While countries are drawing long-term plans to improve productivity, cultivators at the ground level, still need to overcome challenges that can ensure viable crop yield and guarantee profits.

Current research initiatives: Can they overcome challenges?

Current research studies are mostly focused on developing the disease- and drought-resistant strains, inter-specific and inter-generic hybridisation, using biotechnology techniques to improve productivity and studying plant physiology to understand the interactions between the pest-host plant cells. While success has been obtained in developing hybrid varieties of crop and disease-resistant ones, farmers still face challenges from pests, weeds and microbial attack.

The impact of climate change has resulted in an increased occurrence of changes in humidity, temperature and wind direction. This can cause “lodging” in wheat crops, reducing the yield. Fusarium head blight (FHB), or scab, is a fungal disease that can attack all types of wheat strains, leading to yield losses and quality reduction. Rust diseases such as the Ug99 wheat stem rust can destroy the whole plant and cause massive losses. Additionally, leaf rust and stripe rust can also cause significant losses. Rust pathogens can become resistant rapidly, making them difficult to manage and treat. Apart from these, insects such as Russian wheat aphid, Hessian fly and wheat stem sawfly are quickly becoming virulent in nature and should be overcome. Weeds like Kochia also make life difficult for farmers.

The way forward: Focus on integrated approaches and genomic research

With the current EU regulatory scenario, farmers are running out of options of approved substances that can be used for pest management and control. Added pressure due to climate change makes it important to find effective alternatives rapidly. Developing more virus-resistant lines of wheat is the need of the hour. Continuing research efforts from the United States Department of Agriculture (USDA), European Union (EU)-funded collaborative research projects are focused on the same. The sequencing of the wheat genome is expected to increase the ease of developing hybrid strains that can survive in extreme conditions and also resistant to pests. While the use of hybrid strains can provide yield stability, its ability to enhance productivity remains to be seen and tested.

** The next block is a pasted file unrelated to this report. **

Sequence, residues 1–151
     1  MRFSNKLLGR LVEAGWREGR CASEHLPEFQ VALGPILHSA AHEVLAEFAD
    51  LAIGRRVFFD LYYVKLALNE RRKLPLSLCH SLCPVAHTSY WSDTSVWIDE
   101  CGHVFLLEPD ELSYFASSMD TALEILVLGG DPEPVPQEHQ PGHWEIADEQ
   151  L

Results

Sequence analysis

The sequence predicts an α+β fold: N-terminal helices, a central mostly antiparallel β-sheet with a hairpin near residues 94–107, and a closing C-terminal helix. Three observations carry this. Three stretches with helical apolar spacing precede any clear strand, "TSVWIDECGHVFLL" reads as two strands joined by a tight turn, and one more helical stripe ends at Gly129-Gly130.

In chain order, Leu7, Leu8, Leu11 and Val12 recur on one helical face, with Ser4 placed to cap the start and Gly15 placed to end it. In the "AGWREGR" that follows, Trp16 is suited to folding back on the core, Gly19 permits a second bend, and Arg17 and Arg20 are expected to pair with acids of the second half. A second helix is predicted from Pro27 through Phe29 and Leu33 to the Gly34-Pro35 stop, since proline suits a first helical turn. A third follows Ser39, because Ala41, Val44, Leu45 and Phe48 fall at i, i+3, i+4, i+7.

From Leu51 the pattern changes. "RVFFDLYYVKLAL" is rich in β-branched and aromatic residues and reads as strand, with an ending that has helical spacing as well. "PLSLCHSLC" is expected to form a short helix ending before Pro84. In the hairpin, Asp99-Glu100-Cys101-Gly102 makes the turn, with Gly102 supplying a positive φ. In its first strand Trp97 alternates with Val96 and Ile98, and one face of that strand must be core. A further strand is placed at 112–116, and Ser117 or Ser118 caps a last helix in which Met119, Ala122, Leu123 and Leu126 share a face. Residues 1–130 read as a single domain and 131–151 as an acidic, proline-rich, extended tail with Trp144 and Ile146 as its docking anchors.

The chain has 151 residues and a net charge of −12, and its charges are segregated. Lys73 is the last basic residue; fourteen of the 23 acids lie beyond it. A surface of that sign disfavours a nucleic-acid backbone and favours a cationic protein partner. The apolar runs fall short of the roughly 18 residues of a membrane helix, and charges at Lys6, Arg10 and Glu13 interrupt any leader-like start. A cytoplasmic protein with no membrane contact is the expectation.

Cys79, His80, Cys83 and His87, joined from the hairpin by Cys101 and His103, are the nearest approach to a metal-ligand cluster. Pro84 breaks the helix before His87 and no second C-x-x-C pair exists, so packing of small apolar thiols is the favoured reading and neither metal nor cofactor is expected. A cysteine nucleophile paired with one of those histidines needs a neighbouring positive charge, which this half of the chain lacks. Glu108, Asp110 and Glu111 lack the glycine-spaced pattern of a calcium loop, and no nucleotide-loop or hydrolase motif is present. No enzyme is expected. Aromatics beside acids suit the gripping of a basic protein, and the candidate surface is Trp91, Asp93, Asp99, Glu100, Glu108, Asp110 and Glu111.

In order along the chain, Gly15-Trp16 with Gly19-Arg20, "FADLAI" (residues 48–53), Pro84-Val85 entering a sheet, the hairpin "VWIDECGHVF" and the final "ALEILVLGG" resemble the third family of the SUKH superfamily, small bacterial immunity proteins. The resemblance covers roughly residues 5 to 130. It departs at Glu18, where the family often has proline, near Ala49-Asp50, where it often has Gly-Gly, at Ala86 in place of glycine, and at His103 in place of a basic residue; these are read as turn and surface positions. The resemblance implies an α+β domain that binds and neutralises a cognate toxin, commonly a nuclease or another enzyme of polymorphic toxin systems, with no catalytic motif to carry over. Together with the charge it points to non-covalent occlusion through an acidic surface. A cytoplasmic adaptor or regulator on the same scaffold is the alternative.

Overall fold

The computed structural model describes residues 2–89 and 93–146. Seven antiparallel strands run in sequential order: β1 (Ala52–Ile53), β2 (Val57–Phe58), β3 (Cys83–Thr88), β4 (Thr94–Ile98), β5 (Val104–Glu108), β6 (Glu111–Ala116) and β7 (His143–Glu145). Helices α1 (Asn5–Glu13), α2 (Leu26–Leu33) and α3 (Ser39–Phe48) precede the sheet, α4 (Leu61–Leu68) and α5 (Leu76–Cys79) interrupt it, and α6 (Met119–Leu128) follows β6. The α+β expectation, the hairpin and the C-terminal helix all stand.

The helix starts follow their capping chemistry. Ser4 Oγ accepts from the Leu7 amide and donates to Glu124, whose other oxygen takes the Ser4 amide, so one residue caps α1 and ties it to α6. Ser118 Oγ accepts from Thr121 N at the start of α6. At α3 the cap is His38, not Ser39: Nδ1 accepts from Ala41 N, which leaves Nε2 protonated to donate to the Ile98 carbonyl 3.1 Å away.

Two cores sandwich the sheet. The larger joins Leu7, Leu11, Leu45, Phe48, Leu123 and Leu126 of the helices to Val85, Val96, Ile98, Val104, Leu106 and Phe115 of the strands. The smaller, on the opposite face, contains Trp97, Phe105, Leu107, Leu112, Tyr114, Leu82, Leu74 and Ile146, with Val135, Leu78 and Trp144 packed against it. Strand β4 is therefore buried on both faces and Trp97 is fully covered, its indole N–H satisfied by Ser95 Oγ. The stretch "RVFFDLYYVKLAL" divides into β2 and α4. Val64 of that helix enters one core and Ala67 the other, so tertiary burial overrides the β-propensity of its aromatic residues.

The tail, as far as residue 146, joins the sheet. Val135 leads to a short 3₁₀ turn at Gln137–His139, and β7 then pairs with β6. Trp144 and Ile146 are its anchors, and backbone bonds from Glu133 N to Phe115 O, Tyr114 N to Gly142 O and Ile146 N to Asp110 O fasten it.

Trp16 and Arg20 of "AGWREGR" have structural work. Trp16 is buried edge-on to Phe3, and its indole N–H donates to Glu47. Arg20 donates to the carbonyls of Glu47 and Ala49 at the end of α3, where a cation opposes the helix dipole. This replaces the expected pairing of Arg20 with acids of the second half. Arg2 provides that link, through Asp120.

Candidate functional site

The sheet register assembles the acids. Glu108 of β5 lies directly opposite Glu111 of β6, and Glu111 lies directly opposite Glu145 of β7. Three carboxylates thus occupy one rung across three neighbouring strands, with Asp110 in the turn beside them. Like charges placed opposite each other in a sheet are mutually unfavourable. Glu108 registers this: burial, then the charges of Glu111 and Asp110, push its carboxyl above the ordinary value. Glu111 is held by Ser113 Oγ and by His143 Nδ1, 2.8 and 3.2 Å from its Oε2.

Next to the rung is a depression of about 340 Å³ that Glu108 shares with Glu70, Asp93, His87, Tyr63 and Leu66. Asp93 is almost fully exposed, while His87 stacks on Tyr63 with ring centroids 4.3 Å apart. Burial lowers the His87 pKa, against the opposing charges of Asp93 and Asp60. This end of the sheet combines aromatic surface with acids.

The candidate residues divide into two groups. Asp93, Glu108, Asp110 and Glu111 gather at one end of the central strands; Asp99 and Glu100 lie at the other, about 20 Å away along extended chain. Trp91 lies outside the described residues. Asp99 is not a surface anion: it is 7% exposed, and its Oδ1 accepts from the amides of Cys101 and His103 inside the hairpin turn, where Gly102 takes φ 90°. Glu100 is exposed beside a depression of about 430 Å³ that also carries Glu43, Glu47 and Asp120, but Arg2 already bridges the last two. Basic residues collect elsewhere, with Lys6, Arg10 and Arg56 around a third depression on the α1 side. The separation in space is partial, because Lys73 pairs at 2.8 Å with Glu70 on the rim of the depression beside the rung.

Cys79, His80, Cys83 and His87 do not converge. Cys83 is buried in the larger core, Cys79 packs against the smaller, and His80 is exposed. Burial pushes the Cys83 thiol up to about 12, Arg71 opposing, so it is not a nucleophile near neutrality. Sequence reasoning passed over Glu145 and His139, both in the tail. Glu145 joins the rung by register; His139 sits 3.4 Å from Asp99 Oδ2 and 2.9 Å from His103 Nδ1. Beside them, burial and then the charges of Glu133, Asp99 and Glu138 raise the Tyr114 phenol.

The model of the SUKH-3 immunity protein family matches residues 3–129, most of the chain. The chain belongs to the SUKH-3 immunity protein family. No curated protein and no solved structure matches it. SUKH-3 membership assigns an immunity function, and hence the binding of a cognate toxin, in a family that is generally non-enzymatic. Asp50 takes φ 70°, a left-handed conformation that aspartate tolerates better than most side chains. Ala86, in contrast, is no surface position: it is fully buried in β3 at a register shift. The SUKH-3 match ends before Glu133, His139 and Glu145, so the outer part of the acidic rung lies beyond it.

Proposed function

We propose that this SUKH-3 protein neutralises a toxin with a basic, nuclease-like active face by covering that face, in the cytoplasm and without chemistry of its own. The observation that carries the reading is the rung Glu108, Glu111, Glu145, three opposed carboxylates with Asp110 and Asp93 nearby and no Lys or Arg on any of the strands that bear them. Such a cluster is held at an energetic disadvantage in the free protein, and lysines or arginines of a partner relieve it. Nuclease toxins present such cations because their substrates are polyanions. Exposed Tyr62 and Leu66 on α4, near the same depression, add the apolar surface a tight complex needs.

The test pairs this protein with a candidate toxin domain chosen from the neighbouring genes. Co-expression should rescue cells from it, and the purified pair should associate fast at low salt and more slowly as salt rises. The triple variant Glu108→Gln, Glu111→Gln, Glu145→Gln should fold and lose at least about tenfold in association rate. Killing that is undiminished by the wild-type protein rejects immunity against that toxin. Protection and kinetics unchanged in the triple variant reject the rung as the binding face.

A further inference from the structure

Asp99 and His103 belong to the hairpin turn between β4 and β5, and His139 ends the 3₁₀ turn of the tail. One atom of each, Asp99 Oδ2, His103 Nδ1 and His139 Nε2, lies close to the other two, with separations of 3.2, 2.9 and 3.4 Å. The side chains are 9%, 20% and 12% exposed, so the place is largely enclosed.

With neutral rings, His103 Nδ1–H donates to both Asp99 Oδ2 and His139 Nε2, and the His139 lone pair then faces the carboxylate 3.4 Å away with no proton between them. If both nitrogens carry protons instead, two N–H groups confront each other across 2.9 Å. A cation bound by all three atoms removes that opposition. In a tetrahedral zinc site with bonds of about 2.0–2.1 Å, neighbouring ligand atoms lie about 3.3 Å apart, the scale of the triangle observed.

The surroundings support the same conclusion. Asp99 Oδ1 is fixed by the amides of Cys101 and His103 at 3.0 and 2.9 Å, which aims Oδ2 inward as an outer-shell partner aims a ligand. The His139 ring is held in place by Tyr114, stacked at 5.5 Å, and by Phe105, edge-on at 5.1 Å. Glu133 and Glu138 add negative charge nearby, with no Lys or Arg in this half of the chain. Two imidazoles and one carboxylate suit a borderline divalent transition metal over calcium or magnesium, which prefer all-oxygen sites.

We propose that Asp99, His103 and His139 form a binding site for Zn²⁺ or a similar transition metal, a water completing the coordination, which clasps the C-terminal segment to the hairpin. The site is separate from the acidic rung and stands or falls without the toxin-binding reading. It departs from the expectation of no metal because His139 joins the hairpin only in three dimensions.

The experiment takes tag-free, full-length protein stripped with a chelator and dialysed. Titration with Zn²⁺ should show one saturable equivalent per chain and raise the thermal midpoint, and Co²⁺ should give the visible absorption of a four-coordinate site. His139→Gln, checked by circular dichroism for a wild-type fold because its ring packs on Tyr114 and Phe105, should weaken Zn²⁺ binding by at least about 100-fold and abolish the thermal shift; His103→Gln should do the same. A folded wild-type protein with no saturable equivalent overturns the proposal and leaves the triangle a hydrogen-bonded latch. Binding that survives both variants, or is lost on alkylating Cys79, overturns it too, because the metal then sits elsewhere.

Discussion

In the meantime, farmers would need to continue relying on integrated pest management approaches, use of precision farming techniques and time-and – tested methods, such as crop rotation to ensure the desired yield and prevent crop losses.

The use of biometric and spatial analysis combined with molecular markers, gene stacking techniques, etc. can help in the development of hybrid strains with desired characteristics. More research is needed to understand the influence of genetic factors to yield and quality in response to both biotic and abiotic factors. Involvement from the entire value chain and collaborative approaches are needed not only to ensure successful research initiatives but also establish successful crop management programs that are of help to cultivators.

I thank the TechVision Group at Frost & Sullivan who helped in providing insights for this article.